Networking for Dummies: An Idiot's Guide to Connecting Computers

Okay, we’re going to be honest here; if you’re looking at networking for dummies, there’s probably something wrong with you. The fact that you’re looking to learn about computer networking means that you most likely don’t have the technical prowess or knowledge required to set up your own network without serious problems occurring down the road. So before we get into the nitty gritty details of setting up your network, let’s talk about why you really shouldn’t be considering doing this on your own in the first place!


You're looking to set up a new computer, but you don't know the first thing about networking. Fear not! This guide will teach you the basics and get you on your way. Follow these steps and in no time, you'll be up and running with your new computer! 

1) Pick an appropriate type of network cable for your needs. Coaxial cable is common when using traditional cable providers like Comcast or Time Warner. If you're using DSL or fiber optic service, it may be better to use Ethernet wire (available at most hardware stores). 

2) Plug one end of the network cable into one of the ports in the back of your router, usually labeled Internet or WAN. Plug the other end into any available port on your computer; there should be three open ports labeled 1, 2, and 3. 

3) Turn both devices off by unplugging them from their power sources. 

4) Wait ten seconds before turning them back on again so that they can reset themselves. 

5) Once everything has booted up properly, enter your password if prompted. 

6) Go to Control Panel → Network and Sharing Center → Local Area Connection to check that the connection was successful. Congratulations! Now you're all set to start browsing through all of the wonders of the internet! When you're done, be sure to turn off your computer and router. 

The last step is plugging everything back into the power source to turn them back on. And don't forget - call us today for any help with setting up your new network. We've got your back! Whether you need a new computer or just want some help installing some software, we've got what you need. 

Call us today to schedule an appointment! With our knowledgeable staff ready to answer your questions, you're guaranteed to find what you're looking for. With so many options available, how could you say no? Schedule an appointment today and see how much easier life can be.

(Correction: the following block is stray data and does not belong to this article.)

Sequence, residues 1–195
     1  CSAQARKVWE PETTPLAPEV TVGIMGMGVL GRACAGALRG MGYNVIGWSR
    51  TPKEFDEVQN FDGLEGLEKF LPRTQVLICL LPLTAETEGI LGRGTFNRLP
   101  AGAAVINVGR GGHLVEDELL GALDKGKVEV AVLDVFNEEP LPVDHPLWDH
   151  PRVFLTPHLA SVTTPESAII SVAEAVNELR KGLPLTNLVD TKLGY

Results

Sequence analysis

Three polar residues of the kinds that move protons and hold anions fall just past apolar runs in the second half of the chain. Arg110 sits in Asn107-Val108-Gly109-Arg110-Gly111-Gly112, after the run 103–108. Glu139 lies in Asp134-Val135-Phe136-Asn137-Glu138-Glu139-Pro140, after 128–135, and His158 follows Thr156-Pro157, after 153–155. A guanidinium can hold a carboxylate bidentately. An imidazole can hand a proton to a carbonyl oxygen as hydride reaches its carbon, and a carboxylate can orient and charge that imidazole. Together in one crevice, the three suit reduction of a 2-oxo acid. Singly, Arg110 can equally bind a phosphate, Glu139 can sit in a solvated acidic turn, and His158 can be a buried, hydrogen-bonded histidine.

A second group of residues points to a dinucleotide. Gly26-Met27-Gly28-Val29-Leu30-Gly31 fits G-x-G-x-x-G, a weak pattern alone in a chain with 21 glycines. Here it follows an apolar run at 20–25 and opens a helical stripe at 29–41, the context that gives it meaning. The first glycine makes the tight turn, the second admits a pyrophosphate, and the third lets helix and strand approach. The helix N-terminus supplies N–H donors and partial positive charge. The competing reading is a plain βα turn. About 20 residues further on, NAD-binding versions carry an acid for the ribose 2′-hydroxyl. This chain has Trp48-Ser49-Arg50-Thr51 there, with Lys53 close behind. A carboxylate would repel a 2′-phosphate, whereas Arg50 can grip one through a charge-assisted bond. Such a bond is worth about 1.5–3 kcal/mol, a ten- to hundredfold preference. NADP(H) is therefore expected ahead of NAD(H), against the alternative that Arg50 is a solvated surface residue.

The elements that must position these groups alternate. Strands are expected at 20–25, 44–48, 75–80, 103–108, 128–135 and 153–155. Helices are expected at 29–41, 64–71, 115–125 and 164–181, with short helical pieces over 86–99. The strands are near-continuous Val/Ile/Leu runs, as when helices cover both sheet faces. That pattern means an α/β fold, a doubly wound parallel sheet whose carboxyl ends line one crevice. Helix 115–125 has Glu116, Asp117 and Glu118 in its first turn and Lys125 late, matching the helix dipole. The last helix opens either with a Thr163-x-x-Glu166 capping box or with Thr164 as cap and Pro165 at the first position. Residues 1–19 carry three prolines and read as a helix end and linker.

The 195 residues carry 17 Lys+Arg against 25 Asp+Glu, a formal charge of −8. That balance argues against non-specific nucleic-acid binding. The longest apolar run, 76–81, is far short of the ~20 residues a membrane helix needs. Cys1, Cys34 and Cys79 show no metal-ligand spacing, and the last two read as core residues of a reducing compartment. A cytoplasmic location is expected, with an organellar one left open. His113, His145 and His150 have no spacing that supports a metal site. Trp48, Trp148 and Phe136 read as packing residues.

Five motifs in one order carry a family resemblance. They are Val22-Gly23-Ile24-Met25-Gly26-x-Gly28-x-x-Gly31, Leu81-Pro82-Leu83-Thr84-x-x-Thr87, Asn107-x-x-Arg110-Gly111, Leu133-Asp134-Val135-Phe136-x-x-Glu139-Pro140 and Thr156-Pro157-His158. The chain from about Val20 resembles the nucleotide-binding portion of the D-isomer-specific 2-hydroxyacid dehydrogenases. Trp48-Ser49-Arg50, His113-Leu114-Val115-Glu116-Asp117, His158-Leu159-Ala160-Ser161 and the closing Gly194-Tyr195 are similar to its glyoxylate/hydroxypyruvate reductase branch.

All those worries about connecting your computer are gone. Just give us a call and let us take care of it for you. What have you got to lose? First, you have to decide whether you want a wired or wireless connection. Wired connections require physical wires between computers while wireless ones do not, relying instead on wireless signals emitted by routers. 

Wired connections are more reliable than wireless ones as well as faster-provided the signal strength is good enough. Wireless connections are convenient because they allow you to work from anywhere within range of the device providing the signal you may find yourself having access only to one type or another. It's best to invest in a strong, fast router with adequate range to avoid connectivity issues in your home. 

These days, many people choose to use laptops rather than desktops because they provide mobility without sacrificing too much speed or functionality. 

They also tend to cost less upfront though their maintenance costs over time might offset this savings and desktop PCs typically outperform laptops because of the stronger processors and larger hard drives. 

Choosing between the two really depends on what you want out of your device-some people prefer laptops for portability while others go with desktops for stability and performance. 

What kind of cable you use is important too. If you're using a coaxial cable, be sure to attach it to the one of the ports in the back of your router and then insert it into an open port on your computer. For DSL or fiber optic connections, use an Ethernet wire, which you can purchase at most hardware stores. 

Plug the network cable into one of the ports on the back of your router and then connect it to one of your computer's open ports. Once they are plugged in, wait 10 seconds for them to reboot and reconnect with each other. Then go to Control Panel > Network and Sharing Center > Local Area Connection to verify a successful connection. 

If everything goes according to plan, congratulations!

What is a network?

A network is a set of two or more devices that are connected together. These devices can be anything from computers, to phones, microwaves, and even refrigerators. They are connected through wires or wireless connections.